The results described above indicate that the composition of cKO HSPC is normal in the early stages of embryonic development. Thus, other modes of iron delivery might be presented in order to support the demand of FL HSPC for iron. To examine whether an alternative modes of iron deliver is able to bypass the loss of Tfr1 in cKO HSPC, we performed various in vitro rescue experiments using a methylcellulose colony formation assay with FL cells obtained from E14.5 embryos. cKit cells were sorted and then cultured in a methylcellulose medium containing IL-6, IL-3, stem cell factor, and erythropoietin. We found that colony-forming units (CFU) were formed by control cells, whereas cKO cells failed to develop any of these CFU (Figure 7A). These results are consistent with our in vivo data and suggest that the differentiation of both myeloid and erythrocyte cell lineages are blocked in cKO mice.
Next, we treated the cells with 5 μM holo-transferrin (holo-Tf), 10 mM ferric ammonium citrate (FAC), 10 μM hemin, or 0.25 mM Fe (III)/8-hydroxyquinoline (Fe/8-HQ), a highly membrane-permeable complex that delivers iron directly into the cells,26 thereby bypassing Tfr1. Interestingly, at these concentrations of both hemin and Fe/8-HQ partially rescued the colony-forming capacity of cKO cells, whereas holo-Tf and FAC had no effect (Figure 7A). The effect of hemin on the colony-forming capacity was concentration-dependent, and 50 mM hemin was sufficient to rescue the colony-forming capacity of cKO cells to control levels (Figure 7B). In contrast, 0.25 mM Fe/8-HQ failed to rescue CFU-GEMM forming capacity of cKO cells, while Fe/8-HQ at a higher dose of 0.5 mM was toxic (data not shown). These results suggest that heme may serve as an alternative iron source other than Tf-iron in order to meet the cellular iron demand in FL HSPC in the absence of Tfr1.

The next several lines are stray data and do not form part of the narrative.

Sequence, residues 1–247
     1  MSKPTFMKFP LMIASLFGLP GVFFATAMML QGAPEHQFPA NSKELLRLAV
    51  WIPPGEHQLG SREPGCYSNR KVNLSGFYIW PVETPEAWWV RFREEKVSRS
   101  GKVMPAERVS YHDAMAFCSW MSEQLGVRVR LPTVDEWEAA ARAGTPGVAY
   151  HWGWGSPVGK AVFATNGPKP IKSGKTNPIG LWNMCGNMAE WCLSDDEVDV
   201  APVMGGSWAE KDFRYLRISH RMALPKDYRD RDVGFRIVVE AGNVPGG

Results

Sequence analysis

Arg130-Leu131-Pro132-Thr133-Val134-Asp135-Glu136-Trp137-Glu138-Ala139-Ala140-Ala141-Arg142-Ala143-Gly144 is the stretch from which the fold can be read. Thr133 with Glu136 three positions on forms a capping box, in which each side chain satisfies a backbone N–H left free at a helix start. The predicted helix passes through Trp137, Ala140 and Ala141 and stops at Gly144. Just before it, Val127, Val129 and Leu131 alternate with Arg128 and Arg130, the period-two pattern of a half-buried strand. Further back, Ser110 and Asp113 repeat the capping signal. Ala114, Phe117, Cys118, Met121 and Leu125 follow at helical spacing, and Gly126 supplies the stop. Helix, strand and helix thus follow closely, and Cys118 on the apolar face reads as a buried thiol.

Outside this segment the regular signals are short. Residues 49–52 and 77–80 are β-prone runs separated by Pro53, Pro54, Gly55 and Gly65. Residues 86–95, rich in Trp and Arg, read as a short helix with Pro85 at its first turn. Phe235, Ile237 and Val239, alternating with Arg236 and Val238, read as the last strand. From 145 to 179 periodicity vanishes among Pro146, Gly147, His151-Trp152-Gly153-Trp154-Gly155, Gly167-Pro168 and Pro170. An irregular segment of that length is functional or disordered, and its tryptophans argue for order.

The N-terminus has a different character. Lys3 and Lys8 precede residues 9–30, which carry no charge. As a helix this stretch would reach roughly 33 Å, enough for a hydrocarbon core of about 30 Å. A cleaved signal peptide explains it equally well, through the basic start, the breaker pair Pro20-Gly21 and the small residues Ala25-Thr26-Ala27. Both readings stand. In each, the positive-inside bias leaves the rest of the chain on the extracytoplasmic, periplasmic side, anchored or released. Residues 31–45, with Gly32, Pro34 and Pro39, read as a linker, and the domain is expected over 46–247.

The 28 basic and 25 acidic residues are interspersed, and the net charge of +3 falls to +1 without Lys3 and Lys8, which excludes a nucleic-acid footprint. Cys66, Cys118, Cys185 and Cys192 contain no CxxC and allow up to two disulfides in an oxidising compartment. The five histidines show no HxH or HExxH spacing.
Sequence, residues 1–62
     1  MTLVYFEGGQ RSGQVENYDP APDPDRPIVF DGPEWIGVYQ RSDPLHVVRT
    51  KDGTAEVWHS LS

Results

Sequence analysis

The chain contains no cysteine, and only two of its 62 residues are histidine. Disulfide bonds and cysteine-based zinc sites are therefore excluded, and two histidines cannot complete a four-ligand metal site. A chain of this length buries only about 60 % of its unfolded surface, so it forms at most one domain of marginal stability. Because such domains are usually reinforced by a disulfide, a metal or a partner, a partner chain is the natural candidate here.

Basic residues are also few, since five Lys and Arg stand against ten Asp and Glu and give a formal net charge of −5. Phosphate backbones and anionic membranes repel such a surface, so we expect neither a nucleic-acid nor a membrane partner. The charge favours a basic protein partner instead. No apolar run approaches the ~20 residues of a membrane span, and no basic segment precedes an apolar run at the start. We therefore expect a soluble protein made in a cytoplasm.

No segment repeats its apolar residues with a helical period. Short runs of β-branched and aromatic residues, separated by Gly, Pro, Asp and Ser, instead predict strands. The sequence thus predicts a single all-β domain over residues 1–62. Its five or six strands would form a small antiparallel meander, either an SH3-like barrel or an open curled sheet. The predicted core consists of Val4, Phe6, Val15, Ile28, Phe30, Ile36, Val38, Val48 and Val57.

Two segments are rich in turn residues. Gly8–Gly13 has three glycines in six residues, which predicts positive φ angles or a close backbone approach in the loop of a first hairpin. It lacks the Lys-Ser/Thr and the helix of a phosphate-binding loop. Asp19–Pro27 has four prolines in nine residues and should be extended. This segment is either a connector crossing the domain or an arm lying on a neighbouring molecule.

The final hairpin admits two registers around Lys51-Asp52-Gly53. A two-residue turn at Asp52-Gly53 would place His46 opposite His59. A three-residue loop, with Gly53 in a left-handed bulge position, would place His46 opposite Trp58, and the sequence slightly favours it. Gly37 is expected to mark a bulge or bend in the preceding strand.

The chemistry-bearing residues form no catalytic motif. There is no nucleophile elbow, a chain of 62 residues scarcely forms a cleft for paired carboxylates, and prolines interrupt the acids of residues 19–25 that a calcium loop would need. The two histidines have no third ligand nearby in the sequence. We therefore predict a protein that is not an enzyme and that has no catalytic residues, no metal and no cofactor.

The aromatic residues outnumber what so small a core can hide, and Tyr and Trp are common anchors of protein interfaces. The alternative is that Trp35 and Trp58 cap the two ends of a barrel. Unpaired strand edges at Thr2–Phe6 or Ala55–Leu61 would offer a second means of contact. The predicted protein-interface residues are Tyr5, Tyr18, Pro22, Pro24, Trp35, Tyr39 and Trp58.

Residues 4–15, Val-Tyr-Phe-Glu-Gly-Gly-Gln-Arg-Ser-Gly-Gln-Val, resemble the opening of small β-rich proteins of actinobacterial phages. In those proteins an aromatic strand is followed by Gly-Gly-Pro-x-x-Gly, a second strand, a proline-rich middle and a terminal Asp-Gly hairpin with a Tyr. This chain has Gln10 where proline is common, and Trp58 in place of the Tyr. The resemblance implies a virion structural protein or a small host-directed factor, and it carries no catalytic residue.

Overexpressing wild-type Tfr1 but not the R654A mutant rescues Tfr1-deficient HSPC
Noncanonical functions of Tfr1 have been reported, including maintaining intestinal epithelial function independent of iron uptake,16 cell survival,27 and regulating mitochondrial morphology.28 Additionally, the missense mutation R654A in Tfr1 prevents Tf binding without affecting the receptor’s ability to bind Hfe protein.29 We therefore expressed either wild-type Tfr1 or mutant Tfr1 in cKO FL cells using lentivirus infection. Expressing wild-type Tfr1 in cKO cells rescued the colony-forming capacity; interestingly, expressing the Tfr1L622A mutant (which lacks the ability to bind Hfe) partially rescued, whereas expressing the Tfr1R654A mutant was completely unable to rescue the impaired colony-forming capacity of cKO cells (Figure 7C). These results suggest that its function in iron uptake rather than signal transduction is the sole mechanism by which Tfr1 controls differentiation and survival in the hematopoietic system.
Tfr1 has long been used as a marker of red blood cells and is believed to play an essential role in erythropoiesis; however, its role in HSPC is poorly understood. Here, we generated and characterized a mouse model in which Tfr1 expression was deleted specifically in HSC and observed profoundly impaired BM function and defects in multiple cell lineages. These defects, which cause cKO offspring to die within one week of age, indicate that Tfr1 plays an essential role in hematopoiesis.